Thunderclap, the Newsletter of Rolling Thunder Computing

Volume 5, Number 1 Fall 2002

In this issue:

Feature Article: Know Thy User

Blatant Self-Promotion: Public Class on ACORD XML in NYC, Boston and San Francisco, Public Class on .NET for the Insurance Industry,  In-House Training Classes on ACORD XML and .NET

New Book: Second Edition of Introducing Microsoft .NET

The Internet Chuckle: Tuesday Morning Quarterback

Annabelle's Latest

Subscription Information

Feature Article: Know Thy User

In this issue, I want to depart a little from my practice of writing hard-code programming articles and do a little ranting about the absolutely TERRIBLE user interfaces I've been seeing lately. Is it only me, or have they gotten worse, by an order of magnitude?  With .NET, programmers have all kinds of tools with which to write user interfaces, on the Web or with rich clients on the desktop.  And most of them SCREW IT UP ROYALLY!! The UIs are cumbersome. They're cryptic. They require a user to think like a computer, not the other way around. They're just plain stupid.  

How do they get this way? Programmers have to have a certain level of intelligence in order to program, and most of them are at least somewhat smart when dealing with code. How can they be such lobotomized morons when designing a user interface? One simple reason: they don't know their users. And it never occurs to them that they don't know their users. Every programmer thinks he knows exactly what users want. After all, he uses a computer all day, he OUGHT to know.  He says to himself,  "If I design a user interface that I like, the users will love it,"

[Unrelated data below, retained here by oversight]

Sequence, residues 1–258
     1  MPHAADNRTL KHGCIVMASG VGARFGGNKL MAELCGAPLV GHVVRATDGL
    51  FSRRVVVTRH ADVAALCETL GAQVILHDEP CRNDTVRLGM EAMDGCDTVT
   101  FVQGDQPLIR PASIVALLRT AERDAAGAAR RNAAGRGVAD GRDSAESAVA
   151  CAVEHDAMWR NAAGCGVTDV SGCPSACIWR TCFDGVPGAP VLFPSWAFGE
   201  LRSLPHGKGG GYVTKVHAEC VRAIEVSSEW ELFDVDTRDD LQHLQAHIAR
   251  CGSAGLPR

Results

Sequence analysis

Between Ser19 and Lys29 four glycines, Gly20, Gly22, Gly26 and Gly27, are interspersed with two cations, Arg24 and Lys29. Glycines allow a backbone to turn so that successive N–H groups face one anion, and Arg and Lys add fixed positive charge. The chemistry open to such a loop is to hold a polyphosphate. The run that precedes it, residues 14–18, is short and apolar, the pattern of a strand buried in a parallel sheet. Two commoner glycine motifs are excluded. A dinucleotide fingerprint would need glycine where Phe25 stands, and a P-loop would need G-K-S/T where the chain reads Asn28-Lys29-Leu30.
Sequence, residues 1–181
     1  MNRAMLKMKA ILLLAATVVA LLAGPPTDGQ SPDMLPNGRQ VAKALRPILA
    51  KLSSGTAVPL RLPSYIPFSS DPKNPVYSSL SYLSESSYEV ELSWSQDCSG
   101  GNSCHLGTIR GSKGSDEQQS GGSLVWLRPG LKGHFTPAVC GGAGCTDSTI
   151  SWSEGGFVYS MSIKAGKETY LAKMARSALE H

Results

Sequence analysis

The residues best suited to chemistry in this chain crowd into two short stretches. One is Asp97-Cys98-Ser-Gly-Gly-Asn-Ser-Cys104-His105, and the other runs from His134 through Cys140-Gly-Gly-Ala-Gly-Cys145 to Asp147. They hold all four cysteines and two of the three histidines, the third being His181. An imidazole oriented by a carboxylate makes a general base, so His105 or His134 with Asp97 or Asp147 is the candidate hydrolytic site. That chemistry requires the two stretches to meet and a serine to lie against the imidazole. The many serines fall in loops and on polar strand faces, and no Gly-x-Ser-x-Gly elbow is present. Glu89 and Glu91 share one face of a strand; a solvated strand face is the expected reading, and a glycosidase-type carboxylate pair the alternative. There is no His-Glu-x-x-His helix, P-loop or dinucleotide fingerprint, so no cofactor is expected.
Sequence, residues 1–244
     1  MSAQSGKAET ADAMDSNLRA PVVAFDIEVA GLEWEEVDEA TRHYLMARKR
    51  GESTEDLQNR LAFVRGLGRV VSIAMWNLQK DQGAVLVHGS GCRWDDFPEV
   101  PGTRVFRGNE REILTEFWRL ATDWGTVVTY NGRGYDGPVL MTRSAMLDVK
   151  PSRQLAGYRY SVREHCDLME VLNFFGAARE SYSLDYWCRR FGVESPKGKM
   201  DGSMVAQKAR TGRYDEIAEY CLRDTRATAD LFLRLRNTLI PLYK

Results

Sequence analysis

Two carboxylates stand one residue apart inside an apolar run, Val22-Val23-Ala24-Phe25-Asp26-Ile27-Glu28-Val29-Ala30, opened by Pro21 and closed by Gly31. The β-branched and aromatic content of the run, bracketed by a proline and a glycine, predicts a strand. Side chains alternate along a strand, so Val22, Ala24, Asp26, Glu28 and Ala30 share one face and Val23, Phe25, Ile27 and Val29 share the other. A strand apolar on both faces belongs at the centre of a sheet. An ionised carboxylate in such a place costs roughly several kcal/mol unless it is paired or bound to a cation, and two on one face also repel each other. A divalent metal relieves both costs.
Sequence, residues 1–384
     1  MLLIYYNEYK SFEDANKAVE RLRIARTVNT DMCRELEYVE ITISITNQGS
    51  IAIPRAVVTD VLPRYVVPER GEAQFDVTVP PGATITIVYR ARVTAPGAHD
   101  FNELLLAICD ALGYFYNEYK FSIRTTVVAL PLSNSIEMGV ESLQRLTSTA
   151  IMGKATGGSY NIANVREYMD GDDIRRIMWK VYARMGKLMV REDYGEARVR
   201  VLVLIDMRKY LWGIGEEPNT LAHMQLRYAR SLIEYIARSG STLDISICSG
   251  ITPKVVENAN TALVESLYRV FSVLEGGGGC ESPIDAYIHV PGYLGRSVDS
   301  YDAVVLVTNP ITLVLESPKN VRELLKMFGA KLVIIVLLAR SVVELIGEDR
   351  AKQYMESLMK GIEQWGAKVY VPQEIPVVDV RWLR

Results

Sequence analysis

WRONG, TURKEY! You don't know what the users want, because you're not one of them. Your user is not you. Write that down. Engrave it on your heart, along with F = MA (any physics majors in the audience?) and "always cut the cards". Your user is not you. Your user is not you. Unless you are writing programs for the use of burned-out computer geeks, your user is not you.  Here is Platt's first, last, and only law of user interface design. Get it right, and you can't screw up too badly. Get it wrong, and your product is guaranteed to bomb:

Know Thy User

For He Is Not Thee